Potassium chloride oral
- Drugs List
- Therapeutic Indications
- Precautions and Warnings
- Pregnancy and Lactation
- Side Effects
Oral formulations containing potassium chloride.
The dosage should be adapted for individual requirements depending on cause, degree, and duration of hypokalaemia.
Response to treatment should be monitored by repeat plasma potassium analysis until hypokalaemia has been corrected.
10ml to 50ml of potassium chloride 7.5% liquid per day in divided doses after food.
At higher doses and particularly in patients with more severe hypokalaemic conditions, the dose should be determined by the patients response as determined by serum electrolyte levels and acid-base studies.
One tablet every 12 hours.
The following alternative dosing schedule may be suitable:
2g to 4g daily in divided doses.
Children 1 to 12 years
0.5ml/kg to 1.0ml/kg bodyweight of potassium chloride 7.5% liquid per day in divided doses after food. The dose should be administered using a graduated dropper.
Children under 1 year
0.5ml/kg to 0.75ml/kg bodyweight of potassium chloride 7.5% liquid per day in divided doses after food. The dose should be administered using a graduated dropper.
Children aged 12 to 18 years: (See Dosage; Adult)
Baseline serum potassium above 5 mmol/L
Hereditary fructose intolerance
Renal impairment - glomerular filtration rate below 20ml/minute
Uncontrolled Addison's disease
Precautions and Warnings
Children under 18 years
Decreased gastrointestinal motility
Glucose-galactose malabsorption syndrome
History of peptic ulcer
Renal impairment - glomerular filtration rate 20-60ml/minute
Not all available brands are licensed for all age groups
Oral liquid contains propylene glycol
Presentations with sorbitol unsuitable in hereditary fructose intolerance
Some formulations contain sucrose
Discontinue if signs of gastro-intestinal bleeding occur
Monitor renal function regularly
Monitor serum electrolytes in patients with cardiac impairment
Monitor serum electrolytes in patients with renal impairment
Monitor serum potassium in patients with renal impairment
Monitor serum potassium periodically
Discontinue if signs of gastro-intestinal ulceration occur
Discontinue if early signs of stricture occur
Interrupt or reduce dose if significant gastrointestinal disturbances occur
Modified release preparations of potassium chloride should be avoided unless effervescent tablets or liquid preparations are inappropriate.
Hypomagnesaemia which is diuretic induced can prevent restoration of intracellular deficits of potassium; hypomagnesaemia should be corrected at the same time as hypokalaemia.
All solid forms of potassium medication are contraindicated in the presence of obstructions in the digestive tract (e.g. resulting from compression of the oesophagus due to dilation of the left atrium or from stenosis of the gut).
Pregnancy and Lactation
Potassium chloride can be used during pregnancy.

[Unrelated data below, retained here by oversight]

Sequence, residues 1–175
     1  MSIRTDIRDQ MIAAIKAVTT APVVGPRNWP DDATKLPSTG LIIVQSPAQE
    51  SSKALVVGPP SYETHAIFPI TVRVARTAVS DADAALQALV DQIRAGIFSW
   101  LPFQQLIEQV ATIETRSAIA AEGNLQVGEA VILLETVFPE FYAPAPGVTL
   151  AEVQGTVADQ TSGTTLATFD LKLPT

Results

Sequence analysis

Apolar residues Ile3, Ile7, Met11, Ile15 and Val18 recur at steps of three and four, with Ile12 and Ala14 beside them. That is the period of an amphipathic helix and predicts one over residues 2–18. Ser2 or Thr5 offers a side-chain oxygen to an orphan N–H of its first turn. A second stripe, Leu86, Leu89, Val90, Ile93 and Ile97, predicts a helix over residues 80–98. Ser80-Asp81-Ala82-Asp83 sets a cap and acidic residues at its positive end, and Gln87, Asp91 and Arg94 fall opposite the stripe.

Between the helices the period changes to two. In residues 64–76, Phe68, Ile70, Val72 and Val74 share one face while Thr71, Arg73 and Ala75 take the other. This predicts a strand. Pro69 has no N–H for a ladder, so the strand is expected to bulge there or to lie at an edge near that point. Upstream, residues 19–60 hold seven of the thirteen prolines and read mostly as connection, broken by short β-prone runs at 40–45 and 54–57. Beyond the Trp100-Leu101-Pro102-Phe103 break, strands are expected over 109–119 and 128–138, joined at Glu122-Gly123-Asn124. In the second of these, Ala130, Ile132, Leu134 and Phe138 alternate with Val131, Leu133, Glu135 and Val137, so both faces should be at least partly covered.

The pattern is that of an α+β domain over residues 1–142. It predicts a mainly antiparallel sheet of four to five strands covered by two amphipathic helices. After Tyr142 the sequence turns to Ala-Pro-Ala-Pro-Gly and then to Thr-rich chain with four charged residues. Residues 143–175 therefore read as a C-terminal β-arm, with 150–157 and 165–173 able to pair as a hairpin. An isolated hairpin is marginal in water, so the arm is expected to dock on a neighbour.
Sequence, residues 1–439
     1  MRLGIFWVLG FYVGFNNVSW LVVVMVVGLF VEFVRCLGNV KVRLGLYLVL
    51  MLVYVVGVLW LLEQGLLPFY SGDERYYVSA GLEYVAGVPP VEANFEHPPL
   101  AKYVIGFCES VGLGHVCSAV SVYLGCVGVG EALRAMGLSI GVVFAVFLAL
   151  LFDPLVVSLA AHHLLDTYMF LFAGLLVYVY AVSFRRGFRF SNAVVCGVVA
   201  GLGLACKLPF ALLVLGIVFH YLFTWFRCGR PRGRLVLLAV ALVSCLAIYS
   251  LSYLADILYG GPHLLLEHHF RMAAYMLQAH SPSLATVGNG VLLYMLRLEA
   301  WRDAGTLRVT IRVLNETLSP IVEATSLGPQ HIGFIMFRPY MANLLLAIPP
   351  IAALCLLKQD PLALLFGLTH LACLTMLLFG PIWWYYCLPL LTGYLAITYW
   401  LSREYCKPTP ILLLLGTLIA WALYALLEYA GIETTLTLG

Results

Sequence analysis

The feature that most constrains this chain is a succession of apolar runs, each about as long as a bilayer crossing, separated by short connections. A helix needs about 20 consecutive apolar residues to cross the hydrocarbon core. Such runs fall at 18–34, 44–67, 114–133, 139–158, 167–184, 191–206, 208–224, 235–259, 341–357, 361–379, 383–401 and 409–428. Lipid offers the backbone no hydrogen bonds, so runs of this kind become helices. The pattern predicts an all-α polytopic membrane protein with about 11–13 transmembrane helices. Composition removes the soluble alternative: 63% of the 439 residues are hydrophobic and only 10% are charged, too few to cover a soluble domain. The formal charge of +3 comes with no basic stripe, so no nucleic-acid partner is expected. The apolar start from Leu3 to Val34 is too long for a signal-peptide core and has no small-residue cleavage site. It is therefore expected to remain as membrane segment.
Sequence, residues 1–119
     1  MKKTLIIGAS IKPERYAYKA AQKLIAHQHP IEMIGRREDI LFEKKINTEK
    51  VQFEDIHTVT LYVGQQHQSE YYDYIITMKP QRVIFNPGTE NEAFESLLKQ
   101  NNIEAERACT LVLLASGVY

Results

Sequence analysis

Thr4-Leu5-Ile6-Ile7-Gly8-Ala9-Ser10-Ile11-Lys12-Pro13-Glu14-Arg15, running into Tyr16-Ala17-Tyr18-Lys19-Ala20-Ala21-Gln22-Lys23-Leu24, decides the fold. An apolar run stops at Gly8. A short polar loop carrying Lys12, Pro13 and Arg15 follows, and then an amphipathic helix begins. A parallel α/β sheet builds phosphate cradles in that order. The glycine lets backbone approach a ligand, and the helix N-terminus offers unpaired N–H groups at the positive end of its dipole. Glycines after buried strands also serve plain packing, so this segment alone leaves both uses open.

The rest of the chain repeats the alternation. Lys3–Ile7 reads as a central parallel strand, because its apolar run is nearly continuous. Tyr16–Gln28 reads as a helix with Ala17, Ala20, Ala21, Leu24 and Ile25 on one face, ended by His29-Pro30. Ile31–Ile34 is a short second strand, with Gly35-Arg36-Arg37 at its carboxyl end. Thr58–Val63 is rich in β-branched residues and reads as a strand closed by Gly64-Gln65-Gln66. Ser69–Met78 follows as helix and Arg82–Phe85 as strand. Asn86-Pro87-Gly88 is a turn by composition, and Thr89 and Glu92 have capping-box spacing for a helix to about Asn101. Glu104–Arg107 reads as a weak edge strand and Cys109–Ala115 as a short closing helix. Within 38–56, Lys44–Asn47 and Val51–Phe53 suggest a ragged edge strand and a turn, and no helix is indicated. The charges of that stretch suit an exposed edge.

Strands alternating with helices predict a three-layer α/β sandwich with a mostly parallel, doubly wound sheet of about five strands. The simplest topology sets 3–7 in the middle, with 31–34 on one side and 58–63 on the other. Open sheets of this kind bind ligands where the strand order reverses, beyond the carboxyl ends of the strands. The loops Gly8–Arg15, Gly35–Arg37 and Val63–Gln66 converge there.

Briggs (2015) suggests that potassium chloride is safe for use during pregnancy by women who are or could become hypokalaemic. Potassium chloride is a constituent of human tissue and fluid and a good balance needs to be maintained, as both high or low levels can be detrimental to maternal and foetal cardiac function. Due to the gastro-intestinal hypomotility associated with pregnancy, modified release formulations should be avoided and an alternative dosage form may be more appropriate if potassium supplementation is required.
Potassium chloride can be used during breastfeeding.
It is expected that this preparation would have little or no effect on breast milk providing normal plasma potassium concentrations are not exceeded. Potassium chloride is found naturally in high concentrations in breast milk, and freely passes in and out. Supplementing the mother is unlikely to have any adverse effect on milk composition and the nursing infant.
Advise patients to swallow the tablets whole, during meals, with plenty of fluid, while sitting in an upright position or standing.
Tingling in extremities
It is strongly recommended that the UK National Poisons Information Service be consulted on cases of suspected or actual overdose where there is doubt over the degree of risk or about appropriate management.
The following number will direct the caller to the relevant local centre (0844) 892 0111
Information may be obtained if you have access to ToxBase the primary clinical toxicology database of the National Poisons Information Service. This is available via password on the internet ( www.toxbase.org ) or if this is unavailable at the backup site ( www.toxbasebackup.org ).
Last Full Review Date: October 2016
Drugs in Pregnancy and Lactation: A Reference Guide to Fetal and Neonatal Risk, 10th edition (2015) ed. Briggs, G., Freeman, R. Wolters Kluwer Health, Philadelphia.
Joint Formulary Committee. British National Formulary (online) London: BMJ Group and Pharmaceutical Press. Accessed on 11 October 2016.
Paediatric Formulary Committee. BNF for Children (online) London: BMJ Group, Pharmaceutical Press, and RCPCH Publications. Accessed on 11 October 2016.
Summary of Product Characteristics: Kay-Cee-L Syrup. Geistlich Sons Ltd. Revised July 2015.
Summary of Product Characteristics: PotaChlor 600mg MR Oral Tablets. TriOn Pharma UK. Revised September 2021.
Summary of Product Characteristics: Slow-K Tablets 600mg. Alliance Pharmaceuticals Ltd. Revised May 2015.
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